After being thrown out of their mansion by her high-powered, adulterous husband Charles (Steve Harris), Helen (Kimberly Elise) licks her wounds at the house of her irascible, gun-toting grandmother, Madea (Tyler Perry), and attempts to start a new life for herself. She has first to find herself a job, get over that no-account Charles, and try to open herself up to the potential of new romance with Orlando (Shemar Moore).

Diary of a Mad Black Woman was written by Perry (who also produced, co-stars and did the music), described in the press package as "America's most successful young playwright, grossing over $75 million in box office with seven productions which play to predominantly black audiences across the country." The character of Madea made her first appearance in his play I Can Do Bad All by Myself, and subsequently reappeared in numerous of Perry's other works, including Madea's Family Reunion and Madea's Class Reunion. You might be getting the idea by this time. Perry's writing is dramaturgy of the most primitive kind, with melodramatic situations, tons of woozy sentiment, and humor which might be described as "lowbrow," were that not probably too elevated a term for it.

This type of thing will definitely find its fans, but it's particularly sad to see the great Cicely Tyson, whose Sounder and Autobiography of Miss Jane Pittman seemed precursors of a new golden age for black actors, reduced to playing Helen's religious mother, stuck in a senior citizens' home, who exhorts her daughter to put her faith in the Lord, etc. To her credit, however, Tyson's appearance is, blessedly, a tiny oasis of quiet dignity in these frenzied, anything-for-a-reaction circumstances.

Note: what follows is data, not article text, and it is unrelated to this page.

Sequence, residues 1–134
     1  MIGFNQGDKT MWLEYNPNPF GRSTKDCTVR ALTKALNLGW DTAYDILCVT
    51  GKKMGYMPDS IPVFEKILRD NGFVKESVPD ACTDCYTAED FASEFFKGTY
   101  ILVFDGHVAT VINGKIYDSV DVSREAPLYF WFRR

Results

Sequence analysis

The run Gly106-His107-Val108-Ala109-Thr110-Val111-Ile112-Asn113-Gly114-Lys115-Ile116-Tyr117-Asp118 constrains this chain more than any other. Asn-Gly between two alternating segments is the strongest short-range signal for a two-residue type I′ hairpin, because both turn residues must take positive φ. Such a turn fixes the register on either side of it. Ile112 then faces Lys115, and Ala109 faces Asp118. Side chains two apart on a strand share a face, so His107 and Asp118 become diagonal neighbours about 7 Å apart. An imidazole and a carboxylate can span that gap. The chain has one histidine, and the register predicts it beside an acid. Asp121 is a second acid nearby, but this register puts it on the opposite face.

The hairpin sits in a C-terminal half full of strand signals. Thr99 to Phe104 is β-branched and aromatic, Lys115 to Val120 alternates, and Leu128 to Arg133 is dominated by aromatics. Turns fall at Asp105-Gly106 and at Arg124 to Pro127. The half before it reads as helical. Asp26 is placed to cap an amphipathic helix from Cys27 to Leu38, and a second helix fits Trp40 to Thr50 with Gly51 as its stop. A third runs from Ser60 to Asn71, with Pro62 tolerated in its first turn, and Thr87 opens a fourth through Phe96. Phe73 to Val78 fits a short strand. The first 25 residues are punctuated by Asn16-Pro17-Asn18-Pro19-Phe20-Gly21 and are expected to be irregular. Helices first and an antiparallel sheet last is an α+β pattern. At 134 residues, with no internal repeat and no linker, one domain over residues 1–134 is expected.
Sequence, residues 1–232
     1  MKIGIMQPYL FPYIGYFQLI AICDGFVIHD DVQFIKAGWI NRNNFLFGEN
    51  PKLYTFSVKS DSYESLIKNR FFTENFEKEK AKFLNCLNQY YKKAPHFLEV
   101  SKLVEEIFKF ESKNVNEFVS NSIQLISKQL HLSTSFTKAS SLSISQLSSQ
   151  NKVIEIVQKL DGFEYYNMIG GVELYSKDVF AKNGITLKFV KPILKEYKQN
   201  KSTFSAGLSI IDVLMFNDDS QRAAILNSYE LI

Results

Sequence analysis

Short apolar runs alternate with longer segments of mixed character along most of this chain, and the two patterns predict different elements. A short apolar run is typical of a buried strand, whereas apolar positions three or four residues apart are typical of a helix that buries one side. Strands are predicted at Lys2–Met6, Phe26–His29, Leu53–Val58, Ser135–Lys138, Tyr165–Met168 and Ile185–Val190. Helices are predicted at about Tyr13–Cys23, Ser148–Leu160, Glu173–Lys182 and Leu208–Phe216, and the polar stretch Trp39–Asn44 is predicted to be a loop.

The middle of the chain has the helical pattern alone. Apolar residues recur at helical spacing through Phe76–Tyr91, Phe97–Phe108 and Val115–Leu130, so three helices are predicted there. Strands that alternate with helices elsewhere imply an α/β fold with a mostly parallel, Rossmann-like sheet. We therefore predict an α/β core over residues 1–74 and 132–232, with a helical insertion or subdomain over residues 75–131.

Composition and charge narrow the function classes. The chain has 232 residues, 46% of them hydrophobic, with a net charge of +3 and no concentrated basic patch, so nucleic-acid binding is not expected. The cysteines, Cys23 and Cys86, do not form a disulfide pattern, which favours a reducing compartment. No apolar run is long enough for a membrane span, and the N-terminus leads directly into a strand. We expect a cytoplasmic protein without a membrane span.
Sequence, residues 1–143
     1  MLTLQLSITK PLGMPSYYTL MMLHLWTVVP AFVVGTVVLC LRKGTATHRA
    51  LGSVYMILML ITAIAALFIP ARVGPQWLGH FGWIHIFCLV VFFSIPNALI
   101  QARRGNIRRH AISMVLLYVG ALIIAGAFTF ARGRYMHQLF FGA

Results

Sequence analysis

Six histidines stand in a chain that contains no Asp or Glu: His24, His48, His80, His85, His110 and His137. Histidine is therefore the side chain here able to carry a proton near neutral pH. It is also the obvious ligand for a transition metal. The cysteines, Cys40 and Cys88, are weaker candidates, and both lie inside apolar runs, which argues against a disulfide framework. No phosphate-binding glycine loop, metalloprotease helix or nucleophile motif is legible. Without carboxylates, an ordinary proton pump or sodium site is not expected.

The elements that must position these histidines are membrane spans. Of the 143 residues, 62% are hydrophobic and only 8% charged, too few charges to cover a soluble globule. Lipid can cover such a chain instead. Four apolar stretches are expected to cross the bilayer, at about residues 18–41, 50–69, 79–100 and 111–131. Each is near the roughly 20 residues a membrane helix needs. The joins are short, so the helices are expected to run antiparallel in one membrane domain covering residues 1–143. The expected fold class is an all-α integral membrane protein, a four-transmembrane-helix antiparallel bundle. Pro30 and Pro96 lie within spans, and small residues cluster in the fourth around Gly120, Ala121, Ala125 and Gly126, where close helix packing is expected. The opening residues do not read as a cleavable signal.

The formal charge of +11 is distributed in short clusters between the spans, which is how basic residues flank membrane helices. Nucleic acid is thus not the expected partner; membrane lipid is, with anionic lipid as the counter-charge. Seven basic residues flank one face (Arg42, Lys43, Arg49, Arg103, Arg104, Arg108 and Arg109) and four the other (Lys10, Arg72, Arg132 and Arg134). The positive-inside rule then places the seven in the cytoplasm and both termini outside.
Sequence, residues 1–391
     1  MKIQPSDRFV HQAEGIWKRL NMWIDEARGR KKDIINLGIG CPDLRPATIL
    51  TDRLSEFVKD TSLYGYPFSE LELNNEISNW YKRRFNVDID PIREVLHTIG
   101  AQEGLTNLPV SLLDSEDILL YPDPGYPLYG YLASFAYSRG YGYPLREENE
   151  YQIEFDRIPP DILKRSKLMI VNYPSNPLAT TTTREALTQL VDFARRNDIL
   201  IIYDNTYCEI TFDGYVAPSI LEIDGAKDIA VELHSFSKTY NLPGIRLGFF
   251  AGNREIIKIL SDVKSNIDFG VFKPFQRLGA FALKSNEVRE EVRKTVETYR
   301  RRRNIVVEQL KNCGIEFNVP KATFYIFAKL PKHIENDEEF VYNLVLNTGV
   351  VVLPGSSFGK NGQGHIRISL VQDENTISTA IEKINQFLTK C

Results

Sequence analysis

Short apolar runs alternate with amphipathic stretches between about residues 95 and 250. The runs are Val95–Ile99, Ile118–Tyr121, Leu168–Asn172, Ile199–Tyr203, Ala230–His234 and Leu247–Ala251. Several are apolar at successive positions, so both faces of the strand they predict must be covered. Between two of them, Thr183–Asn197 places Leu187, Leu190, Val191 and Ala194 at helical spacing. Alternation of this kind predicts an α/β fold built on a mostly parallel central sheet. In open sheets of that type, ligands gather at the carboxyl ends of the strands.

Perry gives himself not only the screen-hogging role of Madea (screaming, "No wire hangers" no less, at one point), but also two other parts in the movie, including a particularly unfunny old, marijuana-toking codger. He's a complete grotesque and his overpowering, obviously masculine presence as Madea makes it completely impossible to take any part of this film seriously.

Not that Elise doesn't try to make her Helen a suffering Everywoman (like some deserted character out of Waiting to Exhale). You'd like to feel sympathy for her, but when Darren Grant's tactless direction has her being dragged by the hair, kicking and screaming, out of her house (which resembles Buckingham Palace) by her too easily villainous husband, it just smacks of pure feminine exploitation. The black male-bashing becomes too much, and hints of a certain patronization on the part of its creators. The cheap exposition has Moore handily placed as the man instructed to move her stuff out, but for all his handsomeness and laid-back charm, there is little he can do to redeem this garish garbage.